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What the German Election Result Means for the Euro


The euro could come under pressure after Germany’s Social Democrats ruled themselves out of a coalition with Angela Merkel’s Christian Democrats, making a workable government a more challenging task after Sunday’s election, according to SEB AB.

The euro traded little changed last week to hold at $1.1951, after gains of 13 percent this year, as investors took money off the table on concerns over the potential for a surprise result. Merkel will have to try and form a coalition with the pro-business Free Democratic Party and the Greens, which could prove to be a setback for greater European integration.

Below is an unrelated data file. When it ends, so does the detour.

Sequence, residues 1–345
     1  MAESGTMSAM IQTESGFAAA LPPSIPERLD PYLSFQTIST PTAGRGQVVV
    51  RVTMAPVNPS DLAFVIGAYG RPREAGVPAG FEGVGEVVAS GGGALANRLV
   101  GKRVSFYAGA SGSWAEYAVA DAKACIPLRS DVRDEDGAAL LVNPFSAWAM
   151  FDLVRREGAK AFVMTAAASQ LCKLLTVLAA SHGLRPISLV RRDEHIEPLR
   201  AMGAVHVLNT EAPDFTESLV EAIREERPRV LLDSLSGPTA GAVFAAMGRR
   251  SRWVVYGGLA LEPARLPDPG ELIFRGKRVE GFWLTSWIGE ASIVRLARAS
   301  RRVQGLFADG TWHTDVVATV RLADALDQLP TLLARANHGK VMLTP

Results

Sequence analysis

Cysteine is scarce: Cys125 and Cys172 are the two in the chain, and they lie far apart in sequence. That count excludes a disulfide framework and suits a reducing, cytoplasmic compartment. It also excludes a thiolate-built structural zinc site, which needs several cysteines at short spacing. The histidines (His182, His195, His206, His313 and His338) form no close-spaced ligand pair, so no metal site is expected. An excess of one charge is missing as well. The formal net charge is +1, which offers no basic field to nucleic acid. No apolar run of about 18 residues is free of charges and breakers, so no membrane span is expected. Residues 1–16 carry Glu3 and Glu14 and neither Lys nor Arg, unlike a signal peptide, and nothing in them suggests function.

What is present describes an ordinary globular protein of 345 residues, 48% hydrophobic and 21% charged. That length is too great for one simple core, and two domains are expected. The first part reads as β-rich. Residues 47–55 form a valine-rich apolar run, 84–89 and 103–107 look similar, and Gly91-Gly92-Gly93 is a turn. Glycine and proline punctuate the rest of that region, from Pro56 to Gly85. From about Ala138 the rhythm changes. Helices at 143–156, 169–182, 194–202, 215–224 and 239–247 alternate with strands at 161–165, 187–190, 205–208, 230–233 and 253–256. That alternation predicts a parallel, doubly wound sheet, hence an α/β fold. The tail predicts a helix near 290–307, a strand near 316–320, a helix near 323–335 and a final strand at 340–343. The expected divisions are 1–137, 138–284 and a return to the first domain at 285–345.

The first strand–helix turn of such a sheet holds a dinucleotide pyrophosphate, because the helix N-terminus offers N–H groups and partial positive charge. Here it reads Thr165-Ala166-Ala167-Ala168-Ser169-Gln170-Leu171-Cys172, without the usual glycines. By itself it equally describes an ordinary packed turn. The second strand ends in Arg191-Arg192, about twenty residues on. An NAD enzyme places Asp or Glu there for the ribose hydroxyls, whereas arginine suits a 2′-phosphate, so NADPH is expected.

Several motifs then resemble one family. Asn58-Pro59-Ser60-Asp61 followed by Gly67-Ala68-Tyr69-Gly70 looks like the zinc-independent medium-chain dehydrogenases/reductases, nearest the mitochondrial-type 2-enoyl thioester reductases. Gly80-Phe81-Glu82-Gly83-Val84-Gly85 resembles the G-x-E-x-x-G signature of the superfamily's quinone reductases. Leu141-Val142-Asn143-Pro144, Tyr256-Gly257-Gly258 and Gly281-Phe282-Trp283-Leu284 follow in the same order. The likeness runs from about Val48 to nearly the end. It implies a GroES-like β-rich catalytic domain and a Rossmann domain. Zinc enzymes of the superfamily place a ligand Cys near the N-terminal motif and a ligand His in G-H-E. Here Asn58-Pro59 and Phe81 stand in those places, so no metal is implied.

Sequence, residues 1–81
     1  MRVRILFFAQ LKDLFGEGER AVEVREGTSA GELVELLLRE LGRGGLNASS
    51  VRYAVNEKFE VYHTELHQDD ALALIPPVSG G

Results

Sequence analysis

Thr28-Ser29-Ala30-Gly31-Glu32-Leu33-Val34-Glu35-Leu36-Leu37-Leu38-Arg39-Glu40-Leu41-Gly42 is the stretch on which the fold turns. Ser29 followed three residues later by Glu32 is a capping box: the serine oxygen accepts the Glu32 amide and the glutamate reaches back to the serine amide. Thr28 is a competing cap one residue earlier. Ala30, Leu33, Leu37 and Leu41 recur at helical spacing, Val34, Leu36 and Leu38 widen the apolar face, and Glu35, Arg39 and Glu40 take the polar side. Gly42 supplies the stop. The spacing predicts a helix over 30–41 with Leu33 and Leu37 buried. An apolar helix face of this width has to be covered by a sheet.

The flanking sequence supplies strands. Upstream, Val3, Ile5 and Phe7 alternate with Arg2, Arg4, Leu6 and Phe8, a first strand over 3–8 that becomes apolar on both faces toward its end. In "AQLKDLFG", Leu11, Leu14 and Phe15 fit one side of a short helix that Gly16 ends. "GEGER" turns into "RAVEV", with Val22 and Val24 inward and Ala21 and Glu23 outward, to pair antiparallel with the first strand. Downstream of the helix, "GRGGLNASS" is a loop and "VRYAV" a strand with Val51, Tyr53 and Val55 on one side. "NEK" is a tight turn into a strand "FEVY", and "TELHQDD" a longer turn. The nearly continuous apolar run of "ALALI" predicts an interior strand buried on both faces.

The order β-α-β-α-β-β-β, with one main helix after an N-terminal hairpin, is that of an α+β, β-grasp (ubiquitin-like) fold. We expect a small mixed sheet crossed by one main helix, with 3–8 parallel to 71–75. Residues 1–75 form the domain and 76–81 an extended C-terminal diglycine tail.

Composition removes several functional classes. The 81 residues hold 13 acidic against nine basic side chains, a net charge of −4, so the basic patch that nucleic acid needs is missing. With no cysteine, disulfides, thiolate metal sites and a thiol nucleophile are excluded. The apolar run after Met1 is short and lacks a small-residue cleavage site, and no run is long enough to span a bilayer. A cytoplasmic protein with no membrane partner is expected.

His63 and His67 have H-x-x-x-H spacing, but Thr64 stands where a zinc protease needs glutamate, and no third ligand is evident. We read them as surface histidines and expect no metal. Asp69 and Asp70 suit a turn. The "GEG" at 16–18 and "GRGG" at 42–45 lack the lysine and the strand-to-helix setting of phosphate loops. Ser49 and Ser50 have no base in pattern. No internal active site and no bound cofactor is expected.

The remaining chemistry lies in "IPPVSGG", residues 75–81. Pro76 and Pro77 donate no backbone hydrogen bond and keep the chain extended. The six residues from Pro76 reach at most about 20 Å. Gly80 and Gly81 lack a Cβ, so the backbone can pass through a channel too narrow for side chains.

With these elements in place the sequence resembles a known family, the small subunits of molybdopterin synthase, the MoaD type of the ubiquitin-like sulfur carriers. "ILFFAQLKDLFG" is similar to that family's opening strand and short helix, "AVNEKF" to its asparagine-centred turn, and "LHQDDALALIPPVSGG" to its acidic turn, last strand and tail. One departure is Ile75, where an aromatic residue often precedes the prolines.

“The euro would pause around $1.20 and then maybe retrace a couple of percent over the autumn,” said Thomas Thygesen, head of cross-asset strategy at SEB. “The mandate going into negotiations about deeper euro integration does not look quite as strong.”

The outcome of the election could trigger a flight to safety, which would ironically mean a bid for German government bonds. The yield on benchmark 10-year bunds rose almost two basis points last week to 0.45 percent. The yield has more than doubled this year on speculation that the European Central Bank will announce a tapering of its bond-buying.


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